> > > > It is transparent to incoming traffic > > > > > >>> Ideally we would like to use one of the free TCP/IP stacks that ST > > >>> has made publicly available, but we are also open to 3rd party stacks > > >> > > >>> We do however no know the maturity of any of the stacks listed at the > > >>> ST website: > > >>> http://www.st.com/web/catalog/mmc/FM141/SC1169/SS1031/LN1564/PF221027 > > >>> (click the "Design Resources" tab) > > >> > > >>> Or should we be looking elsewhere? > > >> > > >> I think you first have to look at what you are likely to encounter > > >> for traffic and threats in your environment. > > >> > > >> A "mature" stack designed for deployment in a benign environment > > >> will perform like *crap* in a hostile one. It will typically > > >> "assume" too much that can be easily exploited. > > > > > > I saw a presentation of a guy at the DEFCON conference. He used a tool > > > to scan the net for gateways and he found a lot, even without any > > > password protection > > > > Shodan is your friend (or nemesis! :> ) > > > > <https://en.wikipedia.org/wiki/Shodan_%28website%29> > >
Exactly, that was the tool :-)
> > >> OTOH, a stack designed for a more hostile environment may impose > > >> other usage constraints on your device/system (as it attempts to > > >> close some of the doors that a more naive implementation would > > >> leave open). > > > > > > Yes, that is certainly an important issue. > > > > Trust me (or not): you want to sort this out *before* you've deployed > > a "solution". If you later realize you have a problem (too large > > of an attack surface), you might find the resources that you have > > available in the device are insufficient for a *real* solution! > > (i.e., redesign the hardware *and* software instead of just the > > software -- see below) > > >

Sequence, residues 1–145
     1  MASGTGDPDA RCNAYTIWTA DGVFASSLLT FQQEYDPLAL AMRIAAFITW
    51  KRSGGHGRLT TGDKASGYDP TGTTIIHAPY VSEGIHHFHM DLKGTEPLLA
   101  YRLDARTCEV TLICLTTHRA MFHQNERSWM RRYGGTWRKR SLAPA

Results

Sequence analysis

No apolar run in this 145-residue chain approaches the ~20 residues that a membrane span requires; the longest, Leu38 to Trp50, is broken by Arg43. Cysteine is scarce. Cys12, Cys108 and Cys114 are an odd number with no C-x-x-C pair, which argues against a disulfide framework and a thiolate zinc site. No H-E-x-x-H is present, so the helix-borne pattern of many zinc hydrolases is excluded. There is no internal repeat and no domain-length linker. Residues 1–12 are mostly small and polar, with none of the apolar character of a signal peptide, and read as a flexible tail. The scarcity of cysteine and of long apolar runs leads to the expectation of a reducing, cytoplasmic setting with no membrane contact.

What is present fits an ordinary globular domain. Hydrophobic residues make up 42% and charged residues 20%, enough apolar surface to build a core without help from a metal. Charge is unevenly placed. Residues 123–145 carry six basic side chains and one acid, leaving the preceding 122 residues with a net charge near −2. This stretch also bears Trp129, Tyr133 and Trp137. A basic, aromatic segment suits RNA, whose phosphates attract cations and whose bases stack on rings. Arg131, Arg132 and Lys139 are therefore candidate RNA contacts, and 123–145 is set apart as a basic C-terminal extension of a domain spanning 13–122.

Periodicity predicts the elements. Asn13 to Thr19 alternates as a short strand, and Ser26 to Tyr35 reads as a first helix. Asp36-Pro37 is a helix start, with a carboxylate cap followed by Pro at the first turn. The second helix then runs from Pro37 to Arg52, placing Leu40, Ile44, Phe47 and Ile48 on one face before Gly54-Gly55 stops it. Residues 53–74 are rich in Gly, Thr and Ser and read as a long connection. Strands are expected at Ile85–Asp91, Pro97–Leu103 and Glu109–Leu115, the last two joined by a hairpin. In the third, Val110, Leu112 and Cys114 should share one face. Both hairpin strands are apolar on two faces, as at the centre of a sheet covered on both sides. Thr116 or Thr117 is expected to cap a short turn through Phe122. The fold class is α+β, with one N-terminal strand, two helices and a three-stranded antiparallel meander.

Good point
> >> You also need to consider the (run time) resources you have available > > >> for this part of your project (presumably, the largest part if your > > >> device *is* a gateway!). In a resource constrained deployment, a > > >> "mature, though naive" implementation can fail miserably -- potentially > > >> taking down the entire product in the process. > > > > > > It only needs to support the gateway, so we guestimate that a Cortex M3 > > > would do the trick > > > > In terms of processing power, yes. My concern is the resources > > you make available (memory) and how quickly/effectively they can be > > exhausted if attacked. > > > > Ask yourself what the consequences TO YOUR CUSTOMER will likely be > > if the gateway "dies" -- if you lose IP connectivity to/from the system > > behind the gateway. Indefinitely. >